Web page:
IFA Fight for Beef Farmers at Meeting in Brussels

Chairing the EU Commission Civil Dialogue Group on Beef in Brussels, IFA National Livestock Chairman Angus Woods said the Committee worked through a number of critically important issue for Irish beef and livestock farmers at the meeting.

The main items addressed at the meeting included cattle prices; imports/exports; CAP 2020 proposals and direct payments; EU import standards and Brazil; trade negotiations including Mercosur and the USA; and Brexit.


Angus Woods said the EU Commission presented a very detailed analysis of the EU beef market, highlighting the market difficulties from increased slaughter numbers related to the drought across the EU during the summer. Total EU production for 2018 is up 2%, with heifer output up 7.7% and cows up 3.9%.


He said the prospects and forecast for 2019 are more positive with reduced production and a more stable market and price environment.


IFA made a strong case on the need for cattle prices to increase as the income situation on farms is not sustainable with prices currently below the costs of production. The importance of a strong live export trade to Turkey was emphasised.


The details of the CAP 2020 proposals were outlined to the meeting with the EU Commission DG Agriculture recognising how important direct payments are to livestock farm incomes. The IFA highlighted the damage to livestock farm incomes from the cuts to direct payments under the Ciolos reforms, saying ‘there can be no cuts to direct payments for livestock farmers under the Hogan reforms’. IFA made it very clear that the CAP Budget must be increased.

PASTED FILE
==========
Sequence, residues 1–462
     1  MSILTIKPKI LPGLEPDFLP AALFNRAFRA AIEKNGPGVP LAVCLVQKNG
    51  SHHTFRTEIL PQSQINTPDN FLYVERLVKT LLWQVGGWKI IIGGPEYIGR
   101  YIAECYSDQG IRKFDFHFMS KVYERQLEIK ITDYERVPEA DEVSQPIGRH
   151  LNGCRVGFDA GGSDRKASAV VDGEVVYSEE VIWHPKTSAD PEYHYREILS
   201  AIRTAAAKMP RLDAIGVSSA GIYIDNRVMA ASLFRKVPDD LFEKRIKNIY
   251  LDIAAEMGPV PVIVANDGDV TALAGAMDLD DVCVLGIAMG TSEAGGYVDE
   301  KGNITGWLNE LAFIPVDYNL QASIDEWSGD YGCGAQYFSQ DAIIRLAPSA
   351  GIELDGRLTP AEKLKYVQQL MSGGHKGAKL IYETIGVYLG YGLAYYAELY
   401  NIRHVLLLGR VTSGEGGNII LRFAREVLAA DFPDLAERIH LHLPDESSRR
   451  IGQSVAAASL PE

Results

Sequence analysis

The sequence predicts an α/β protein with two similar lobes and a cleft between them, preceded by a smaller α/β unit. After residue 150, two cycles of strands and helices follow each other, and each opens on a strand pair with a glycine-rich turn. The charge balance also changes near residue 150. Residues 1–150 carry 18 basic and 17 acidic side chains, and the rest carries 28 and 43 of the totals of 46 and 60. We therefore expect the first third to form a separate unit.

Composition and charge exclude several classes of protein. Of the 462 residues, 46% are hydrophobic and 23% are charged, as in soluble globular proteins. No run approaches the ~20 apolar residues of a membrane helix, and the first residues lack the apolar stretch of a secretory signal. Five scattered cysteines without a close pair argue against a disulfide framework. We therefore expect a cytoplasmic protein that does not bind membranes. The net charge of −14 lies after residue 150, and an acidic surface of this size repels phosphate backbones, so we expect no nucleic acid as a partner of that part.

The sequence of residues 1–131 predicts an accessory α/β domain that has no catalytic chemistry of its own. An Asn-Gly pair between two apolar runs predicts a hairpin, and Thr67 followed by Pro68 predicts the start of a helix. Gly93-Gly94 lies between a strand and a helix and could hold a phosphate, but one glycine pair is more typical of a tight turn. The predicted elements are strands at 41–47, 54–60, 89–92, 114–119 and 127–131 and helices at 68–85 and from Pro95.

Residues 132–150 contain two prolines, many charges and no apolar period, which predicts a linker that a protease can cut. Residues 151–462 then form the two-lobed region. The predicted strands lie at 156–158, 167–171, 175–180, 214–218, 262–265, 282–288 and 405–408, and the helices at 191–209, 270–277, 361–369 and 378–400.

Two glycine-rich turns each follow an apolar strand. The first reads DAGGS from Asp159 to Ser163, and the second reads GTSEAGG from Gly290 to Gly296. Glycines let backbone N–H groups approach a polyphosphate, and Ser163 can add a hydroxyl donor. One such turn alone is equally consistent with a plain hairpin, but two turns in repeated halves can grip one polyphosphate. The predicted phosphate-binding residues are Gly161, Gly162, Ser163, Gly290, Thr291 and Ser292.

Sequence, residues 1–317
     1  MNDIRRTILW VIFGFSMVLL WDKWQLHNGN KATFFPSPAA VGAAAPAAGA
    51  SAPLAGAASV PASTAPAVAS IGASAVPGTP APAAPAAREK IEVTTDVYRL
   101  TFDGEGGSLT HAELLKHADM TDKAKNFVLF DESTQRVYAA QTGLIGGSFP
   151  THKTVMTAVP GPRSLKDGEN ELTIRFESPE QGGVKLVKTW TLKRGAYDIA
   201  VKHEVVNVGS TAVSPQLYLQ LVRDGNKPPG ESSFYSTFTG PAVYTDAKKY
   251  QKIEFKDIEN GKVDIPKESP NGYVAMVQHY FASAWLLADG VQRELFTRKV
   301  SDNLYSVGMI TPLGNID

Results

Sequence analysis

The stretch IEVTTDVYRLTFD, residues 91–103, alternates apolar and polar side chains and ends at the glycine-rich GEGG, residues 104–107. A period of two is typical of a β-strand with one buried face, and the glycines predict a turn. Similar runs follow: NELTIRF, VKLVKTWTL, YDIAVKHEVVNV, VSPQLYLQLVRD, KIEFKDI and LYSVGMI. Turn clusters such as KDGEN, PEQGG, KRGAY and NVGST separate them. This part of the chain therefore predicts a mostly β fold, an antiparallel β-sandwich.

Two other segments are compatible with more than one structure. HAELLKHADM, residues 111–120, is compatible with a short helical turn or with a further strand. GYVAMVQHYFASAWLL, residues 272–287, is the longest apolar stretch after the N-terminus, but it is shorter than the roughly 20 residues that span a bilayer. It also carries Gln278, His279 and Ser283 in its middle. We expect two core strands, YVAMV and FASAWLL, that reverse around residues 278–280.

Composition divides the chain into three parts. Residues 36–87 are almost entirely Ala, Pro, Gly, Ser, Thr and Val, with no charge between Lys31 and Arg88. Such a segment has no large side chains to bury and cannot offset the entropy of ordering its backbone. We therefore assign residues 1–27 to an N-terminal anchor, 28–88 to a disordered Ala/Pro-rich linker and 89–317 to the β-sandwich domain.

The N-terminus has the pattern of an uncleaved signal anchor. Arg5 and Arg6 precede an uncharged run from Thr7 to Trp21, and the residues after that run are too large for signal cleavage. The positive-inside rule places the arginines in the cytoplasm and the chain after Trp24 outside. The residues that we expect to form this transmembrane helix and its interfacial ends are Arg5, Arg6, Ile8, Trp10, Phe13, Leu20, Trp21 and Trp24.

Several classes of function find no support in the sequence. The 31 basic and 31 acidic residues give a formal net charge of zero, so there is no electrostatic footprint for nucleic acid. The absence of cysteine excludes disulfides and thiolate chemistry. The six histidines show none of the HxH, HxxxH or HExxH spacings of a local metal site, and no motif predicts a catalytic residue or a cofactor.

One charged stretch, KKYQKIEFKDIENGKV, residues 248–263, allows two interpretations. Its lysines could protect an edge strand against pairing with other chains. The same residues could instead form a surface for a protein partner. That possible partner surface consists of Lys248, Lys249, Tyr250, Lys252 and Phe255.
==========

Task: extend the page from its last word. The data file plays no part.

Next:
At the EU Commission meeting, Angus Woods said the IFA raised the failure of Brazil to meet EU standards on the control of residues and contaminants in beef including the controls on veterinary products. He said the recent report from the vets in the European Food and Veterinary Office has stated the Brazilian ‘competent authorities are not in a position to reliably certify that the guarantees required by the relevant export certificates are complied with’. In practice, Angus Woods said this means that the EU Commission cannot rely on Brazilian certification of beef exports to the EU market.


Angus Woods said on the Mercosur trade negotiations, the IFA raised the lack of coherence between the EU CAP policy and EU trade policy. He said the Commission strategy of increasing beef imports against the backdrop of Brexit and poor beef prices was fundamentally flawed and would seriously undermine the production base, especially the suckler cow herd.


On Brexit, Angus Woods said the meeting concluded on the critical need for stability on beef and a positive outcome to the negotiations. He said the view of the meeting was for a longer transition period and a backstop.


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